NERC Open Research Archive

    Variscan sourcing of Westphalian (Pennsylvanian) sandstones in the Canobie Coalfield, UK

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    The zircon age spectrum in a sample from the Canonbie Bridge Sandstone Formation (Asturian) of southern Scotland contains two main peaks. One is Early Carboniferous in age (348– 318 Ma), and corresponds to the age of igneous activity during the Variscan Orogeny. The other is of late Neoproterozoic to early Cambrian age (693–523 Ma), corresponding to the Cadomian. Together, these two groups comprise 70 % of the zircon population. The presence of these two peaks shows unequivocally that a significant proportion of the sediment was derived from the Variscides of western or central Europe. The zircon population also contains a range of older Proterozoic zircons and a small Devonian component. These could have been derived from the Variscides, but it is possible that some were locally derived through recycling of northerly derived sandstones of Devonian–Carboniferous age. The zircon age data confirm previous suggestions of Variscide sourcing to the Canonbie area, made on the basis of petrographical, heavy mineral and palaeocurrent evidence, and extend the known northward distribution of Variscan-derived Westphalian sediment in the UK

    Petrographic analysis of igneous and metamorphic rocks from the Fishguard 1:50000 sheet, south Wales

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    This report presents the results of petrographic analysis of samples of igneous and metamorphic rocks collected as part of a mapping survey of the Fishguard 1:50000 sheet, south Wales. The objective of the report is to provide petrographic descriptions of the rocks and to discuss the origin of the fabrics present

    A feasibility study on the use of isotope dilution as a tool for quantifying uranium isotopic concentrations by quadrupole ICP-MS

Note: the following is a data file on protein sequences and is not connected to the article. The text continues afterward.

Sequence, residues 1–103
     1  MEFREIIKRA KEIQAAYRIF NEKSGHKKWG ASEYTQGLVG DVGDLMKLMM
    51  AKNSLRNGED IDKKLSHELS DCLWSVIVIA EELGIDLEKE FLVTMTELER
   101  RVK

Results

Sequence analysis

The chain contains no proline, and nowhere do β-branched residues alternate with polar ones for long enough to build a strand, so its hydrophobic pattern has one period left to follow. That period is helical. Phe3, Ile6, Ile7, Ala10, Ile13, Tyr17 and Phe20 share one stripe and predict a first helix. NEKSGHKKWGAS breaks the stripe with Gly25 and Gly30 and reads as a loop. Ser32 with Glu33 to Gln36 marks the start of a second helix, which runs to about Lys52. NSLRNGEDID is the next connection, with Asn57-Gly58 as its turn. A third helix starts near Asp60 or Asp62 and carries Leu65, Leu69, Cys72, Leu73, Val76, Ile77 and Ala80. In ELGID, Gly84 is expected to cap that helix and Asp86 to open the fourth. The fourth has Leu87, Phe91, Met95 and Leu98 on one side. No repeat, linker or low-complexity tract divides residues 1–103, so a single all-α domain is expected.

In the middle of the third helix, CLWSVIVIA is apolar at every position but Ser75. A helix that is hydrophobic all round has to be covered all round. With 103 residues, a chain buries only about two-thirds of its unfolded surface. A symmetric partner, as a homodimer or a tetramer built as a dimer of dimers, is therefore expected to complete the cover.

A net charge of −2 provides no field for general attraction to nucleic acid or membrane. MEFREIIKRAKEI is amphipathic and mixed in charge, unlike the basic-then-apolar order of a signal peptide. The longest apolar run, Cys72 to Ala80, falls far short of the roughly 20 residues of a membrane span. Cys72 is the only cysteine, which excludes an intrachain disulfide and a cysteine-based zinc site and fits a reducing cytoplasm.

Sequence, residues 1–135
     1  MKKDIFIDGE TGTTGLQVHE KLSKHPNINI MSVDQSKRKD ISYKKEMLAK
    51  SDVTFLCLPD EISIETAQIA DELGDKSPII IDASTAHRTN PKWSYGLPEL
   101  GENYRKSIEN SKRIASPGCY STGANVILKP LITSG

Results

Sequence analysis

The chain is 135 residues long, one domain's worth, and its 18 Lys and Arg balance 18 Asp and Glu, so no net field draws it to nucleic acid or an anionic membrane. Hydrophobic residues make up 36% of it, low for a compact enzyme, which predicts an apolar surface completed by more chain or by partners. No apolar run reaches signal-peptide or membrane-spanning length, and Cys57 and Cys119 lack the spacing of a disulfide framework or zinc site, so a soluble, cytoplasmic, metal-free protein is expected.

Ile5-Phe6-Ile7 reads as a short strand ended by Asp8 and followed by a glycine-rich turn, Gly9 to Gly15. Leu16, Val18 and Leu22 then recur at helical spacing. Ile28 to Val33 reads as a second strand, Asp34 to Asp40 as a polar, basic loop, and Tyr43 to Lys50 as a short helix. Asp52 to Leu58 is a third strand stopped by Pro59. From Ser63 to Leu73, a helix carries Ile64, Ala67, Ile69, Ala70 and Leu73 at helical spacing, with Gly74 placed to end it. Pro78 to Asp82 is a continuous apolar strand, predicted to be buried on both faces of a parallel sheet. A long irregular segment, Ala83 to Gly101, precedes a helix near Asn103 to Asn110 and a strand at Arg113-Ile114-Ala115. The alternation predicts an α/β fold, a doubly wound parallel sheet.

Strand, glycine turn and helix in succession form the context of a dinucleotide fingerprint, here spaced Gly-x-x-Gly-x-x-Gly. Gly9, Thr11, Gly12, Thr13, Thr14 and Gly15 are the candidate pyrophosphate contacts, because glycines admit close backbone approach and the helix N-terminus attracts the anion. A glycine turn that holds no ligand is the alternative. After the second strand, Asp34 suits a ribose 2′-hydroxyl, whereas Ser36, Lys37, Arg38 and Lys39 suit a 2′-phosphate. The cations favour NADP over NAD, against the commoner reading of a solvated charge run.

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    The determination of uranium elemental concentrations and isotope ratios has been a major task for the BGS inductively coupled plasma mass spectrometry (ICP-MS) laboratory over the last five years. UK government departments and the nuclear industry have ongoing environmental monitoring programmes which require high quality data. The need for a greater understanding of chemical pathways, sinks and sources has been a driver for BGS to continue to improve analytical performance but with a minimal increase in costs. This study seeks to identify whether isotope dilution could provide a significant increase in analytical performance with minimal cost implications. This report reviews the fundamental concepts of isotope dilution and its advantages over related techniques such as internal standardisation. It considers the potential benefits of quadrupole ICPMS (ICP-QMS) over other techniques where high productivity is an issue, such as for environmental monitoring. The optimisation of the ICP-MS acquisition parameters including peak dwell times, detector dead-times, spike concentrations and operating conditions are examined. Isotope dilution (ID) relies heavily on the accurate calibration of the 233U spike and the process of reverse isotope dilution is used and discussed as part of this study. A series of experiments was conducted to ascertain the degree of chemical preparation required for accurate isotope dilution determination. These included comparing the effectiveness of using the 233U spike with internal standardisation by a proxy element, to overcome ICP-MS matrix effects and changes in sensitivity. Finally, the proposed methodology was tested using a range of natural rock reference materials with known uranium concentrations covering various common igneous and metasedimentary types. This project established that the use of 233U, a by-product of nuclear fuel processing, provided superior precision when used as an internal standard for measurements of other uranium isotope concentrations, compared to indium, rhenium or bismuth. The data suggest that the within sample precision is better when full ID quantification is performed, regardless of the matrix, than when using the spike as an internal standard. The IDMS technique could potentially eliminate the current column separation procedure, which would achieve significant savings in staff time and consumables. A small systematic bias has been observed in the data. It is thought that one of the most likely factors is the assumption made about the density of the 233U spike solution, which would affect the IDMS calculations but have no influence when 233U is used as an internal standard. It will not always be appropriate to use this method for the determination of uranium isotope concentrations and a decision tree needs to be devised to determine the appropriate method to be used for each potential application. The investigation has proved the value and potential of this methodology for isotope concentration analysis by quadrupole ICP-MS. Once a robust, fit for purpose methodology can be applied routinely, the possibility of the use of IDMS for other stable isotopes should be considered